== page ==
This showed Grant had no intention of retreating. Furthermore, the usual pattern of actions in Washington had not been followed. That meant failure or defeat would not remove [Grant] from command. He would be expected to continue his war of attrition, regardless of losses sustained by his own forces.

Despite [concerns of Northern officers], the general advance ordered by Meade and Grant began about 4:30PM on June 2 [1864]. [General William F.] Smith castigated the movement as providing conclusive proof of the “entire absence of any military plan” among the Federal forces. Despite “a murderous fire,” men in blue managed to reach the edge of the woods, where the second line caught up with them . . . resuming their advance [but] the enemy fire was so heavy that the fell back.

Whether the decision was made by Grant or by Meade, orders soon came for a full frontal assault at 4:30 on the following morning. Smith saw the Rebel positions as being more than merely formidable . . . Generations later, [historian] Jeffrey D. Wert characterized the Rebel works at Cold Harbor in two words: “nearly impregnable.”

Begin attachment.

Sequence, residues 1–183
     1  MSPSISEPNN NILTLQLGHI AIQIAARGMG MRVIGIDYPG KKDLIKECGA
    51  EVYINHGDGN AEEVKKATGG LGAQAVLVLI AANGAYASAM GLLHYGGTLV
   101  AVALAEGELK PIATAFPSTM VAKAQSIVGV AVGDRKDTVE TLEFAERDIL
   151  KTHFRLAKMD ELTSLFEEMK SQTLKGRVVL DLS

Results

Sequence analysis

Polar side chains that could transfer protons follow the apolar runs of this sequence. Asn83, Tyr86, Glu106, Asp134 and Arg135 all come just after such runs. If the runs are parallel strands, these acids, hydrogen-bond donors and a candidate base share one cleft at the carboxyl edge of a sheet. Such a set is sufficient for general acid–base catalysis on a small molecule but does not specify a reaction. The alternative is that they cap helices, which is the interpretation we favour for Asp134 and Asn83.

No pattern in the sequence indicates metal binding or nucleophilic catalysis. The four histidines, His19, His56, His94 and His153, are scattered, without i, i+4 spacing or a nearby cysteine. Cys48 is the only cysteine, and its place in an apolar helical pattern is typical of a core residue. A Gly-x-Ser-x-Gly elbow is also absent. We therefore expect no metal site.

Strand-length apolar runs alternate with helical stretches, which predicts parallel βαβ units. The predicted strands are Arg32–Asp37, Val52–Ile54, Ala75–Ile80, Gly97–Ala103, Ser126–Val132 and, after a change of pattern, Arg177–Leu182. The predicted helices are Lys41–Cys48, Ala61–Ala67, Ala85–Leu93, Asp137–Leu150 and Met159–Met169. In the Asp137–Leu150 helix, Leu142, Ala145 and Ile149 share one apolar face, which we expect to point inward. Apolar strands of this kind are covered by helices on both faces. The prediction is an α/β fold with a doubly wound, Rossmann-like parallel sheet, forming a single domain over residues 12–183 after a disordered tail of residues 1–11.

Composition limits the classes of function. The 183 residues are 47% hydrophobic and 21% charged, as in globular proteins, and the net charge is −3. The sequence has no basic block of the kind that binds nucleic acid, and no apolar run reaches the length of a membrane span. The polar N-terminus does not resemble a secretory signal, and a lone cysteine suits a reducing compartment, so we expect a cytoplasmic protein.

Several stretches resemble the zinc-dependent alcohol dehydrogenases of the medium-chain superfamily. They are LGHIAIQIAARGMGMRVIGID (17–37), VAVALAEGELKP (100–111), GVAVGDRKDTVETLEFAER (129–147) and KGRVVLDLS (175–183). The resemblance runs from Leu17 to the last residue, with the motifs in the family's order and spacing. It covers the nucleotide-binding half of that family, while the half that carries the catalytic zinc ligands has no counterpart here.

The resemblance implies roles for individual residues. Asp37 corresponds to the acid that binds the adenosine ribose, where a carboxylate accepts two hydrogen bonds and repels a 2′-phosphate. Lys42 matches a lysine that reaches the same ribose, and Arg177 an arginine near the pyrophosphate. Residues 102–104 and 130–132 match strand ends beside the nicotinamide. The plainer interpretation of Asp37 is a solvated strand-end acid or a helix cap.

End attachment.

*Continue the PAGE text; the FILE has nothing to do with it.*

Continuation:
Impregnable or not, orders were to take the Confederate works. Diaries and letters reveal that on the night before the scheduled grand assault, large numbers of men in blue wrote their names and addresses on slips of paper and pinned them to their shirts . . . essential if bodies of the slain were to be shipped home to their relatives.

Soon afterward it became generally known that the Federal move at Cold Harbor, whose width is variously estimated at having been from one-half to six miles, lasted less than 10 minutes. During that time, men in blue became casualties at a rate of about 16 per second. Pickett’s Charge at Gettysburg is far better known and may have involved more casualties. Yet no other Civil War action approached Cold Harbor in its June 3rd per-minute casualty rate of approximately one thousand men.

Smith dashed off a dispatch to Meade in which he reported the triple repulse of one body of Federals [adding that] there was no hope that they could carry the works in front of them without relief from galling Rebel fire. In reply, he received orders to move forward [and later] an oral command that he lead another assault. “That order I refused to obey,” Smith later confessed.